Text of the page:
Corona Virus Homeschool Attendance Days

Public schools are now closed due to social distancing quartine policies. So, what happens with our corona virus homeschool attendance days? I’ve seen several discussions recently about how all this affects our 180-day requirement.

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We are living in very unusual times. Previously planned events and activities are all canceling and our schedules are turned upside down. We’re trying to figure out how to find normalcy in such great uncertainty.

Do we write these days off then? Or do we keep chugging along in our lessons?

Homeschool Attendance Days

Fewer Days: If the public schools are veering off the 180-day attendance requirement, can homeschoolers count fewer days also?

I suppose technically, if the legislature modifies the school days for the year, then homeschoolers would also get included in this. Although I’m not sure that the law would specify that since homeschoolers are already excempt from compulsory attendance schedules.  What will happen with the public school days? That’s all a big “IF” right now.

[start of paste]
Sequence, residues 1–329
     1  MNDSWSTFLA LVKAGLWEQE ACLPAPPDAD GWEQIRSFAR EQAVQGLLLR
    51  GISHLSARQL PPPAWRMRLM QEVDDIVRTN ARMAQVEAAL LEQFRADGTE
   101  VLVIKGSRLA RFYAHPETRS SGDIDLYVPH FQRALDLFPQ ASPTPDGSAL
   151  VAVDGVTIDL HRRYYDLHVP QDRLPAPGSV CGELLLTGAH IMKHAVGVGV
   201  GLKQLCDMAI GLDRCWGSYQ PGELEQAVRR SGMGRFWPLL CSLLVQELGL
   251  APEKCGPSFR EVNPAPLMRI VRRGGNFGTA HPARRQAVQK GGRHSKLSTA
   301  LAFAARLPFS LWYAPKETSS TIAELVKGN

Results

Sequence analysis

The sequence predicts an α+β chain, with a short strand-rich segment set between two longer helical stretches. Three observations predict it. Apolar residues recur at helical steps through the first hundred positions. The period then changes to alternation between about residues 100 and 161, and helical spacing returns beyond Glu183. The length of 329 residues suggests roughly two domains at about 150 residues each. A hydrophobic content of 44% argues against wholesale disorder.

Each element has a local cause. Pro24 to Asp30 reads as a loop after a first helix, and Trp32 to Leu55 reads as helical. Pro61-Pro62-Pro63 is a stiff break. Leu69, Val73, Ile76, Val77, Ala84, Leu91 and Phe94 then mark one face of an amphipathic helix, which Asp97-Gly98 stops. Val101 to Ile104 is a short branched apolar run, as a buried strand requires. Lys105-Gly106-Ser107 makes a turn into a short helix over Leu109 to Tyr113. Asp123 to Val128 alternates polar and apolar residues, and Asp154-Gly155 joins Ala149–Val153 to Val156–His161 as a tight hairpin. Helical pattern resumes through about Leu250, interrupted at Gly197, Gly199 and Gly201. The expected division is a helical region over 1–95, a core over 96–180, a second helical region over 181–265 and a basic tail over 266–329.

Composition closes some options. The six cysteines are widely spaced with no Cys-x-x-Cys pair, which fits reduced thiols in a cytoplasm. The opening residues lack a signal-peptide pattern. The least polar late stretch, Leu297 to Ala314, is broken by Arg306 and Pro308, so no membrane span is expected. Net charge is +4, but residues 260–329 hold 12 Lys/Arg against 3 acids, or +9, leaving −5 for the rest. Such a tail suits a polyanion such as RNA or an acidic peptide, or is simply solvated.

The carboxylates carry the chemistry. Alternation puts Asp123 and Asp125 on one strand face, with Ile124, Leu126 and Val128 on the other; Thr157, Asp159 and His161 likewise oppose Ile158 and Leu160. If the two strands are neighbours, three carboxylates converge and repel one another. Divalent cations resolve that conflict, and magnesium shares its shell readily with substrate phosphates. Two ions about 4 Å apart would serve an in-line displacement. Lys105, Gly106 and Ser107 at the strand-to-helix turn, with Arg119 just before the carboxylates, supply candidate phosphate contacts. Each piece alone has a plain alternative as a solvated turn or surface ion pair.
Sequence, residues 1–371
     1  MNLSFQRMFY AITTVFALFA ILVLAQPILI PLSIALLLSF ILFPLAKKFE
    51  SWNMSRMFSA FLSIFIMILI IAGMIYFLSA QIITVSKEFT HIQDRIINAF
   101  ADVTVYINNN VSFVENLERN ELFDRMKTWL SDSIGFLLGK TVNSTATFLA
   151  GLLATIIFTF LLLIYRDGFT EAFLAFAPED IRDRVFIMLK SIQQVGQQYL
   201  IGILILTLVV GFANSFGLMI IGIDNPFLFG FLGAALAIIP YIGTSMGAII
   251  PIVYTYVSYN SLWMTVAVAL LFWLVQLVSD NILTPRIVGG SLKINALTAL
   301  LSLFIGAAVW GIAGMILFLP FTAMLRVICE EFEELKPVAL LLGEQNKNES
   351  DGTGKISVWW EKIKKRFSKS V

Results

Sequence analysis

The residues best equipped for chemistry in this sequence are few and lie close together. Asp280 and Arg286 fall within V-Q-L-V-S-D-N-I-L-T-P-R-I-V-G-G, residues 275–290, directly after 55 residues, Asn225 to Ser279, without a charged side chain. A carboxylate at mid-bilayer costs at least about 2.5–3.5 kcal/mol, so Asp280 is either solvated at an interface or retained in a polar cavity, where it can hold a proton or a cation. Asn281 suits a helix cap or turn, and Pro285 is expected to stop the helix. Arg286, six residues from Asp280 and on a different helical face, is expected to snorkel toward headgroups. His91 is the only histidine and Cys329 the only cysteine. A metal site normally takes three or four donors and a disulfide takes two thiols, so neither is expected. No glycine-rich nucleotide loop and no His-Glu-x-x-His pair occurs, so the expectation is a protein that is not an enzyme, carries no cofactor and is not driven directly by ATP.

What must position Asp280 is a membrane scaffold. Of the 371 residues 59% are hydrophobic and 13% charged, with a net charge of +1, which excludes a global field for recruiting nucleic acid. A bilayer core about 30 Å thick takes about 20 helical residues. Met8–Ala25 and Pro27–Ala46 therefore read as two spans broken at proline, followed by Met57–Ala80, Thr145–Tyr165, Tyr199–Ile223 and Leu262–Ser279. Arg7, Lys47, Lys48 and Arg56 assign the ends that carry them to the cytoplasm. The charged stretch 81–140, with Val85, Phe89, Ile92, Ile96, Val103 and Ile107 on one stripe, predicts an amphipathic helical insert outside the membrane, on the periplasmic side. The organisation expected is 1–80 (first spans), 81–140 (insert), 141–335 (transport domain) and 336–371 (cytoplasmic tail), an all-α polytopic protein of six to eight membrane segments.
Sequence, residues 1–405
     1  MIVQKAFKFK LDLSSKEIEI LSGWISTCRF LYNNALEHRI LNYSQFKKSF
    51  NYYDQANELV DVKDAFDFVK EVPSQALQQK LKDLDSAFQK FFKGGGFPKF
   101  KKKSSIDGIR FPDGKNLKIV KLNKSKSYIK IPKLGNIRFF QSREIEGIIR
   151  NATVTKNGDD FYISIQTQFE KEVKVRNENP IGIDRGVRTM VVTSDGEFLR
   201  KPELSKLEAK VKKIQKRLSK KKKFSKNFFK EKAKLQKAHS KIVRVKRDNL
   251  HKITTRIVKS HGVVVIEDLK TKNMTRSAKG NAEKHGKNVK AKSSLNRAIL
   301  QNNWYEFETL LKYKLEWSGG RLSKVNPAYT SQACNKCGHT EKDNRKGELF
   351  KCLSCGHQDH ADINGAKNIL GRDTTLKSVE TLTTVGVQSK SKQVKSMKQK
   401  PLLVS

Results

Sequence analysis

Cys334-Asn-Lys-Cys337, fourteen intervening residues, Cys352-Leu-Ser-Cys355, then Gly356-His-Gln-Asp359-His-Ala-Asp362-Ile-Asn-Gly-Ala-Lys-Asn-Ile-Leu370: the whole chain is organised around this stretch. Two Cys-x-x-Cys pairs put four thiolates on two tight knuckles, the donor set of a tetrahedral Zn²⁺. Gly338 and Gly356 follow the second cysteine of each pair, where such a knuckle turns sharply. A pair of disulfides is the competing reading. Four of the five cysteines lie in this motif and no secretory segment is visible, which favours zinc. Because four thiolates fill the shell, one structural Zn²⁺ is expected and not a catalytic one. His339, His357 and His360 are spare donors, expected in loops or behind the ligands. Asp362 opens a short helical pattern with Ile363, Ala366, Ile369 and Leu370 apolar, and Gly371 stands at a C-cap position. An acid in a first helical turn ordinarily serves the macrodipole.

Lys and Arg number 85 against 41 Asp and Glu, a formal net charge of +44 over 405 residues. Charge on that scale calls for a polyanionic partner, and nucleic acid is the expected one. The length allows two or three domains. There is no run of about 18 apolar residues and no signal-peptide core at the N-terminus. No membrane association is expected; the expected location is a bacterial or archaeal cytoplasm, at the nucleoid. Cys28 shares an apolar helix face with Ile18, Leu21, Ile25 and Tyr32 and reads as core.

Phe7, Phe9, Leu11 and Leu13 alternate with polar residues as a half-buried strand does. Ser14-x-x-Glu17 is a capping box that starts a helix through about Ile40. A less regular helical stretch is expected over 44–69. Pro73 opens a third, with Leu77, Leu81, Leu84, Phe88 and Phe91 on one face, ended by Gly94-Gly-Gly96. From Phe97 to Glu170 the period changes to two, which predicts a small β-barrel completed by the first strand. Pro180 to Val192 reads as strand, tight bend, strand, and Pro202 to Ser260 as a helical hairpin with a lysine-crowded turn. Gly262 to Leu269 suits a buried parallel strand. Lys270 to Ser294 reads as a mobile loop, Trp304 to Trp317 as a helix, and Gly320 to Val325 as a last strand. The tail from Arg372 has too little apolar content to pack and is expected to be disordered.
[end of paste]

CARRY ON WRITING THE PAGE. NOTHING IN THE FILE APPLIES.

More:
Let’s acknowledge that our school year is going to be significantly different than we had planned. Especially those who have public school students now at home with them too.

However, learning happens 365 days a year. It’s actually very difficult to go a whole day without learning anything. We just have to document 180 of them. And the point of your record-keeping is so you can see the progress.

We all suffer from CRS (Can’t Remember Squat), so it’s very helpful to write down what your students have been doing. Those A-HA moments when they demonstrate a skill you didn’t even teach them. You can look back over the days and weeks to see that they have been learning all along. It helps keep you going, when you think you’ve just been wasting time.

  • There’s an overwhelming amount of free resources available right now. Pick and choose some of them that interest you. Settle into a new normal.
  • Resist the urge to structure all this “free time”. Let your students figure out how to utilize the time. THAT will be a lifelong skill that will be forever useful to them. Education is partly about learning about the world around us…but, also it’s about discovering our unique abilities and interests that fit into that world.
  • You can still document unstructured play time. It counts as part of your learning activities of the day too. What your teens are doing can count as a high school credit.

Homeschoolers GET TO count all these learning days as school days. So, you should be able to get your 180 days even if it isn’t required. 

–> Read these quick tips from homeschool experts: How to Homeschool During Coronavirus <–

More Days: If we’re counting all these days and finish this year’s 180 days, can homeschoolers start counting toward the 180 days for next year?